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Groom Elite Class Largest Ever


Patrice Underwood had just finished a conversation on the growing Groom Elite program Wednesday morning when a woman and her daughter walked into the HBPA office seeking information on jobs in thoroughbred racing.

The class for the program is the largest and most diverse in its history and continues to attract new students interested in horse care management.

Hannah Nelson, a junior at Bloomington Jefferson, has been in contact with Underwood for some time by e-mail and skipped school on Wednesday to meet with her, accompanied by her mother, Toby Tremain.

Nelson’s dream is to become a jockey and Underwood, who rode as Patrice Finnegan when Canterbury opened in 1985, gave her some tips on Wednesday morning.

“I’ve really been bugging her for some time,” said Nelson. “But this is what I really want to do.”
Nelson became interested in horses in general while in a 4H program in Dakota County and on visits to a relative’s farm in Wisconsin. The interest has grown into a passion and now she is eager to see first hand how she likes the industry.

She was planning on attending a Groom Elite class on Wednesday and also committed to helping out in Steve Kane’s barn on Saturday morning.

Underwood said there are probably several reasons for the expanded interest in the Groom Elite program this year. Thirty-four students have enrolled, about twice the number from previous years.

“I’ve never had so many calls from people looking for work,” she said. “They call asking how to get a job at the racetrack. Some have experience, others don’t. A lot of them are local people.”
But not all of them. Kayla Williams drives from Buffalo Center, Iowa, to Canterbury on Tuesdays and returns home on Wednesdays.

Patty Adams and Joy Melby are horse owners taking the program. Cindy Berquist of Golden Valley worked in the business in 1985 and is enrolled, along with Emily Katner of Hopkins. Jesse Overton of Bloomington, a Minnesota Racing Commissioner, is enrolled, as is John Muckey, an assistant to trainer Franciso Bravo. The youngest member of the class is Kendall Van Winkle, a 9-year-old daughter to Hall of Fame trainer Dave Van Winkle.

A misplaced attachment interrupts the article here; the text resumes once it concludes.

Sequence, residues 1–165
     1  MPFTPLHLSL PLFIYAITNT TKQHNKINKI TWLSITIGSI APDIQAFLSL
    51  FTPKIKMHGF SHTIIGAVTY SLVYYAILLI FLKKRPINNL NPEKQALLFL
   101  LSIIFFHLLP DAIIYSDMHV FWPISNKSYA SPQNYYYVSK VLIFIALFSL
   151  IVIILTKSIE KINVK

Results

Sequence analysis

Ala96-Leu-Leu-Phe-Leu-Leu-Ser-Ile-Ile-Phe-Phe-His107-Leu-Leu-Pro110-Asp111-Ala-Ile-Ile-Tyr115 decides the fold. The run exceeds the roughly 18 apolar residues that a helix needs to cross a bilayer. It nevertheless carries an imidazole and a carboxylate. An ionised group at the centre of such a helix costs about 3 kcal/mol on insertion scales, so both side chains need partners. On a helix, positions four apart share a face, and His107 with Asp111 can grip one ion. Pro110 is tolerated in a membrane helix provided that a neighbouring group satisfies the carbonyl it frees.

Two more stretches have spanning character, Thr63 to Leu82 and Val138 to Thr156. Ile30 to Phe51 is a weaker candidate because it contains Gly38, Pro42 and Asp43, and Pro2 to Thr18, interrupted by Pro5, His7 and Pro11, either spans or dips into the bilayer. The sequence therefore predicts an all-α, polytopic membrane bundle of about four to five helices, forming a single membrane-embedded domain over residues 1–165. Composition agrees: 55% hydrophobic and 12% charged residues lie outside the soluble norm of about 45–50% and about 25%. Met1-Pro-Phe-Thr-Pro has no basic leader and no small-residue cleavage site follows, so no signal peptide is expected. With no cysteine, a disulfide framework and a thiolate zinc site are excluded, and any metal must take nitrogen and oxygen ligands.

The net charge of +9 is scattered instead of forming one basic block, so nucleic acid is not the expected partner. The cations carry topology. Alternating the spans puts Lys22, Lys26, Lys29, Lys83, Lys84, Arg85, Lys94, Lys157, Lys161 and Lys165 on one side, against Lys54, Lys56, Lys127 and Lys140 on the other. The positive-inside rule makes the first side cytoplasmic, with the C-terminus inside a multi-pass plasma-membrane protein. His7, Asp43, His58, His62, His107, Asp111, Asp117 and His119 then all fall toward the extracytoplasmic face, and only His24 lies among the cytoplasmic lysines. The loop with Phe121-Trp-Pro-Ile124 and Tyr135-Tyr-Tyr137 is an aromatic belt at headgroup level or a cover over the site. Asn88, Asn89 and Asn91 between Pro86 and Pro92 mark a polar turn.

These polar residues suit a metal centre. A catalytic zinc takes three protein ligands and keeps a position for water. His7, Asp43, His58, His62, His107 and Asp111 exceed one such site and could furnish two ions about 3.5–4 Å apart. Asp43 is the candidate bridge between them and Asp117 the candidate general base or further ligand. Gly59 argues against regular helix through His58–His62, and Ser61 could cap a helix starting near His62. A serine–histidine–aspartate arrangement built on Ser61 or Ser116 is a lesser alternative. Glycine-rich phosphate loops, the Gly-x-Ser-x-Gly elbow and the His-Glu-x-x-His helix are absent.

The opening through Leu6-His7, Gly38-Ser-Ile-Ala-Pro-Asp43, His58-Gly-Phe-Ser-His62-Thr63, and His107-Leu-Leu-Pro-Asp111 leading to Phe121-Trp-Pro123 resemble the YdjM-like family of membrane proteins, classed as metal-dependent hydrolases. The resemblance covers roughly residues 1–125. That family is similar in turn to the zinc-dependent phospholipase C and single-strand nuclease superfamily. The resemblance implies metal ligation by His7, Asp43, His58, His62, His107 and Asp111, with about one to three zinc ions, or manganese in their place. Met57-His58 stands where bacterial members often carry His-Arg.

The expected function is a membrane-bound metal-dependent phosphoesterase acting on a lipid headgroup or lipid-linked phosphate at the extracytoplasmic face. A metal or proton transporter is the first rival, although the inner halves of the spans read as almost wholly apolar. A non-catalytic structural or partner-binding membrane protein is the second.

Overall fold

“A lot of people are interested in the business but don’t know how to start,” said Underwood. Nelson, for example, wanted to know what is needed to become a jockey.

“There’s the Chris McCarron school in Lexington and Olds College,” Underwood said. “I gave her some tips on a healthy diet and weight control and told her never to get involved in flipping, in a bulimic lifestyle.”

In the meantime, Nelson plans to spend as much time at the racetrack as possible and to continue studying the jockeys, looking for tips.

Her idols?

“Jenna Joubert and Ry Eilkeberry,” she said.

Luis Quinonez, who won five consecutive riding titles at Canterbury Park, suffered breaks to both of his arms in a spill at Lone Star Park on Sunday.
Quinonez was resting at home in Oklahoma City on Wednesday. He will undergo surgery on his left arm on Thursday.

“I had both arms in casts for three days and could barely move my fingers,” he said. “They need to do surgery on my left arm tomorrow and put a plate in it. The right arm has a little bone broken near the wrist.”

Quinonez said doctors told him he could be sidelined as long as 12 weeks. “I’ve never been down that long before,” he said. “The longest has been five weeks. But you know doctors and what they say. I think I’ll be back in maybe six weeks.”

The Lone Star meet will end before Quinonez is able to ride again, but he hopes to be ready to go for the opening of Remington Park on Aug. 19.

Quinonez was injured in the fourth race at Lone Star Sunday after being stepped on by other horses after his mount broke down and threw him.

He said there is a chance he will pay a visit to Canterbury while recuperating from his injuries.